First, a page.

Sunday, May 12, 2013

2013.05.12 Mother, Mom, Mama, Amma—and So On

This poor “holy” day often gets so sentimentalized that it has lost its clout and its roots, always in mothers making political statements about rights, war, booze, et. al. Hard-edged voices, those moms.

But seriously, can you imagine anyone more important in your life, for better and for worse, than your mother? (I’d add father but it is, after all, mothers’ day.)

All my four children remember to call on this day each year, even if the last call trails in breathlessly at 9 p.m.  It matters a lot, a lot.

This year I received an unexpected gift. My oldest daughter wrote a blog post called “Every Day Is a Mom Day.”  It is brilliantly honest, humorous without being sarcastic, as she writes about her own hard feelings, her own difficult mothering experience with two daughters of her own, and her love. 

Here is a bit of her post:
      I’d like to say I’m doing young motherhood better than my mom – I think she would agree.  Generationally alone, I have a leg up on her.  I’m not as alone as she was.  I’ve benefitted from the equality fights she and others before me have won.  I had a ton of therapy before I had children whereas she had to do it all when we were growing up.  So, all said and done my odds at having a successful career while raising children without screwing up one, the other or both are far better than hers ever were.
      I know my mom did the best she could. And over the years her honesty, willingness to hear my pain and that of my siblings, and her absolute commitment to me at every step of my adult life have served to heal and grow our relationship.
       Do I still wish I could have sewn curtains, learned to iron or baked cookies with her growing up?  Yup but it’s okay.  And if I’m honest with myself, I’d admit that baking cookies with my kids is over-rated and sewing with them interesting but generally sort of boring for all of us.


I cried of course, and said thank you and I love you, using just the right amount of a few too many words, as I do. There is no honor much greater.

The best way to honor her and me and all my children, the mothering presence of Godde, and the mother-heart in all people and animals, bio-mothers or not, is to write a letter to my own mother.

Dear Mom,

I know this is too late. I know I could have, or should have, said more of what I say now before you died.  It’s always wondrous to receive a tribute while one is alive and not when one is strewn in ash somewhere or bones enclosed in a coffin with large gold handles so the angels can hoist it up when the time comes. 

But I couldn’t do that for you, mostly because I was still worried about my own failings as a traditional mother, and partly because I had not yet forgiven you for over-mothering me, nor myself for under-mothering my children. We both knew and know all about that so it’s not worth restating. It has taken me a long time to appreciate our differences without hating you for them. I’m sorry, Mom.

Here’s my eulogy:

My mother was a strong woman. She gave me the message that a girl or woman could do anything she wanted. She always smiled and was gay and frivolous, and she could be feisty. One of our best moments was when I, furious at her for some unremembered reason, turned to her and shouted, “Bitch!”  She  rose to her full stature and said, “Bitch!”  We were women together—proud fillies, competing and loving at the same time.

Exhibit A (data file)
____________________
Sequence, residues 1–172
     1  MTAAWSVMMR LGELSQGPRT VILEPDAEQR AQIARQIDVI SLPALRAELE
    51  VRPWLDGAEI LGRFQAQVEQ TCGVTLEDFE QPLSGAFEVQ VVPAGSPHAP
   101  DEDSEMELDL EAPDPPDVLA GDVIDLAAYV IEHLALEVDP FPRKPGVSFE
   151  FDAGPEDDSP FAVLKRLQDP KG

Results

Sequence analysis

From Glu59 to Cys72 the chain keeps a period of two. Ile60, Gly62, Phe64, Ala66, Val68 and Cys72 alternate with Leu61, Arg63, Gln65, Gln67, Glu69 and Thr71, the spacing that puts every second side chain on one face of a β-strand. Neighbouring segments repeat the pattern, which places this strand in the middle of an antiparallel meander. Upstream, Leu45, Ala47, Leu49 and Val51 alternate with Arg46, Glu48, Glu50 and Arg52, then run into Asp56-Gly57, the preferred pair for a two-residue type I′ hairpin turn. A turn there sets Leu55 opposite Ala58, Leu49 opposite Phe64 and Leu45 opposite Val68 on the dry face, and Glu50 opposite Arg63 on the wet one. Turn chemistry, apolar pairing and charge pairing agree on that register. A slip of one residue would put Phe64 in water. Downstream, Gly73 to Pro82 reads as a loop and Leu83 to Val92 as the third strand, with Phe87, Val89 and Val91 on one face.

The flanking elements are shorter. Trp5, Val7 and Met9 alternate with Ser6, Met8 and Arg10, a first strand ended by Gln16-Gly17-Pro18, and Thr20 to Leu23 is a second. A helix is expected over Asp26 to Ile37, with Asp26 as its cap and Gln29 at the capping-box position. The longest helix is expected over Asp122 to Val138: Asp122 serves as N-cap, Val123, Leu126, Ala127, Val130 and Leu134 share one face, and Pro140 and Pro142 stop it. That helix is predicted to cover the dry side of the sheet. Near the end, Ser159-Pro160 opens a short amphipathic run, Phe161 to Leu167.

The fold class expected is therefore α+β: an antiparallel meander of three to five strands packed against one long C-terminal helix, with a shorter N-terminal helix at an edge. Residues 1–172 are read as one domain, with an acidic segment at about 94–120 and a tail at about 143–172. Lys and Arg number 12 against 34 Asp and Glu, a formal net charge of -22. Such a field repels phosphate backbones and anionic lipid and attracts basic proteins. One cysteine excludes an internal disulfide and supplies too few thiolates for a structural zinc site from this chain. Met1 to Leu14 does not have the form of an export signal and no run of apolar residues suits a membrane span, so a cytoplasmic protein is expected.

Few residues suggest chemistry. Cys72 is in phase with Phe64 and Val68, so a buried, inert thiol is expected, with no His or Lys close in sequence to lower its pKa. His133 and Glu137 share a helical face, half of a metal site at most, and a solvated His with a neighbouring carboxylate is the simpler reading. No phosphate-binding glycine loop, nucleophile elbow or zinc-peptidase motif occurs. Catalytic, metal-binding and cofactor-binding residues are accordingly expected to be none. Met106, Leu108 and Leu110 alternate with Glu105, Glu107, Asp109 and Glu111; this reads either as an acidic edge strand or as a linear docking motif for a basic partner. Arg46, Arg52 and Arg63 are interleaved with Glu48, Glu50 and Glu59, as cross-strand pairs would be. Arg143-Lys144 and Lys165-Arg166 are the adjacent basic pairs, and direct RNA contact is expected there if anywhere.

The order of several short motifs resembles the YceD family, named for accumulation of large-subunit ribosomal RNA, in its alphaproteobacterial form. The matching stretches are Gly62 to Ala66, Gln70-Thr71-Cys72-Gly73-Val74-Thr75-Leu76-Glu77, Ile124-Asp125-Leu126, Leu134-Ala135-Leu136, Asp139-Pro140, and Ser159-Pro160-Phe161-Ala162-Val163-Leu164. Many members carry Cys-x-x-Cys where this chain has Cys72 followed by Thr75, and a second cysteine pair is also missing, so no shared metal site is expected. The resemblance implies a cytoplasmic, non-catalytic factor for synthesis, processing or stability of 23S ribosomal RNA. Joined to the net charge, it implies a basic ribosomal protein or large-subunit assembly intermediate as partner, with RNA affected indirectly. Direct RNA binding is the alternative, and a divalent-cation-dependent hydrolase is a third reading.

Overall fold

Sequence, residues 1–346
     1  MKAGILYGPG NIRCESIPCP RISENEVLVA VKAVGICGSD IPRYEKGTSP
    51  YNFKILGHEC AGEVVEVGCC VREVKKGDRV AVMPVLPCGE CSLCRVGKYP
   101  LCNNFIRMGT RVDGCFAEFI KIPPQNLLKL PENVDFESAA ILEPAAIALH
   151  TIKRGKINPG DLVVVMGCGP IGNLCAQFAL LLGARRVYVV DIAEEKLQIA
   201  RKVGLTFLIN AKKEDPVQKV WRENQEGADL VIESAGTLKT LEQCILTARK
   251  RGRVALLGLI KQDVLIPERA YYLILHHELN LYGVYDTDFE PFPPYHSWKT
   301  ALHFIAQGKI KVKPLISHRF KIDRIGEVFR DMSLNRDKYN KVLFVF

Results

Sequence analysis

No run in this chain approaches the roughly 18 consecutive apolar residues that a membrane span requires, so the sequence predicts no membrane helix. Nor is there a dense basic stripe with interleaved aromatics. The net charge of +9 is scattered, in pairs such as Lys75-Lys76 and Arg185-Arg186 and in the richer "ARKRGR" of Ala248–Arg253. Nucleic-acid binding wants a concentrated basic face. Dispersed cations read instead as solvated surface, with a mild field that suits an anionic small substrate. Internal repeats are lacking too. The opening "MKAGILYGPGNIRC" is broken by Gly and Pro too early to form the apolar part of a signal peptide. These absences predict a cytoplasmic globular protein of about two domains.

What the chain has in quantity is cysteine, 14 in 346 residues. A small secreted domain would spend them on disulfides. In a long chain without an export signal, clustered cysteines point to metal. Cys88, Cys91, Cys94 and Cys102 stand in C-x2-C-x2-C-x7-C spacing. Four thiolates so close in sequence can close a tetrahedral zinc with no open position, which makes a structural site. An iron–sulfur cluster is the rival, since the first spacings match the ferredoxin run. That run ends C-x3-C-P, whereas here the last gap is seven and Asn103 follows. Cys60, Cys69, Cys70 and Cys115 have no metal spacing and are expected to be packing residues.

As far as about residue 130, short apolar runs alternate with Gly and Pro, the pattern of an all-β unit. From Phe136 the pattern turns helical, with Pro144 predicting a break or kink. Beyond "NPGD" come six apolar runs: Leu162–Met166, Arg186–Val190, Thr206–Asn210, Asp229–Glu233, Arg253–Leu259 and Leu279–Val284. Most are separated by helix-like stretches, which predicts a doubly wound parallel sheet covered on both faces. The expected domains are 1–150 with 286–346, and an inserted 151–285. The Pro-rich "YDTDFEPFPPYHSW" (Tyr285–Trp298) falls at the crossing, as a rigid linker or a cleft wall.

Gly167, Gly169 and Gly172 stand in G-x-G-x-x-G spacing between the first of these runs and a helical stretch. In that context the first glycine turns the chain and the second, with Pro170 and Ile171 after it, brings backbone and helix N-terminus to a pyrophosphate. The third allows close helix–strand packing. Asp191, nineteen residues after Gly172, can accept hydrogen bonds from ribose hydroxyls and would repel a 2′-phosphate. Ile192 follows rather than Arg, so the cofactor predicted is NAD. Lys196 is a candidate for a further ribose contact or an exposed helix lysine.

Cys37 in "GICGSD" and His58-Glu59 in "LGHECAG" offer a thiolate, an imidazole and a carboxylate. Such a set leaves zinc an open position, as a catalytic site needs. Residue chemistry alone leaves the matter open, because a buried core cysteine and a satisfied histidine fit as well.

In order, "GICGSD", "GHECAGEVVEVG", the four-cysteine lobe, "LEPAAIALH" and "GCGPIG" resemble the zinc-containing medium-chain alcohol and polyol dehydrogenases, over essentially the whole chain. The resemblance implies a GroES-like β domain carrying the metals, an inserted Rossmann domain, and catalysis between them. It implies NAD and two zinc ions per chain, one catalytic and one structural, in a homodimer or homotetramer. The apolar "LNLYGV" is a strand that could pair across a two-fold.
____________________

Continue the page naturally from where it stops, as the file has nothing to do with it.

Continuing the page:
Another proud moment was after a fall when Mom was near 80.  We took her to the hospital in the wee hours. Coming home, I moved ahead to get the door open and heard her weak, almost child-like, voice call out, “I’m going.”  “Where?” I called back. “I’m going,” she repeated till I got it.  I helped her up into the house, cleaned her up, and put her to bed. It was a tender reversal, both of us hated and both of us accepted.

My mother followed the prescribed route of her generation (wife and mother), yet she gave me my feminism, even though she would not have called it that. She worked hard to start a kindergarten in NYC so I could go to school because she knew I loved books. Back then kindergarten was a progressive idea. She always encouraged me to try new things, and if I failed she was still there with more encouragement—until I thought I’d die of over-praise and too much cheer.  Still, I think that’s the way I found my own ways and way.  Thanks, Mom.

When Mom was dying I raced to make it to her bedside, for exactly what I don’t know. Maybe one more love effort, or a goodbye. I didn’t make it. I arrived just after she died. Her mouth was open and I tried to close it. It wouldn’t budge—so mom. I laughed.

She had bright red lipstick crookedly painted on her thin lips. I guess she was prettying herself to meet God. She had told me once that when she met God she would put her head in his lap and everything would be all right.  My mother gave me God.  Thanks Mom.

What I remember most about my mother is how hard she tried to make things work well for me, Dad, my sisters, and everyone in her life whom she loved, and some she didn’t love, but adopted and tried to change.  Today that behavior is called codependent caretaking. It’s become a way to pathologize, mostly women.  What bullshit. It was her way of loving. No one loves perfectly. Most of us try—and trying is divine.

Thanks Mom.











2 comments:

Jane Lothian said...

Lyn, that's a beautiful eulogy and post. Now I'm inspired to write something about my own mother!

CJ

Lyn G. Brakeman said...

Thanks CJ. I hope others are inspired to do the same. all best to you, Lyn